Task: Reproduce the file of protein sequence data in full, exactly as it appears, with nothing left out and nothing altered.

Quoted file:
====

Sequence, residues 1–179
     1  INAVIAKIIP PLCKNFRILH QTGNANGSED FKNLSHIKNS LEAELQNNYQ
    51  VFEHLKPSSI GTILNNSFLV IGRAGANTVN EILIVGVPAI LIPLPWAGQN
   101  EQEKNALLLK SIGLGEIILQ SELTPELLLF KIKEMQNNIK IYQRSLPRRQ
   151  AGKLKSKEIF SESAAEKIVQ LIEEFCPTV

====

Sequence, residues 1–179
     1  INAVIAKIIP PLCKNFRILH QTGNANGSED FKNLSHIKNS LEAELQNNYQ
    51  VFEHLKPSSI GTILNNSFLV IGRAGANTVN EILIVGVPAI LIPLPWAGQN
   101  EQEKNALLLK SIGLGEIILQ SELTPELLLF KIKEMQNNIK IYQRSLPRRQ
   151  AGKLKSKEIF SESAAEKIVQ LIEEFCPTV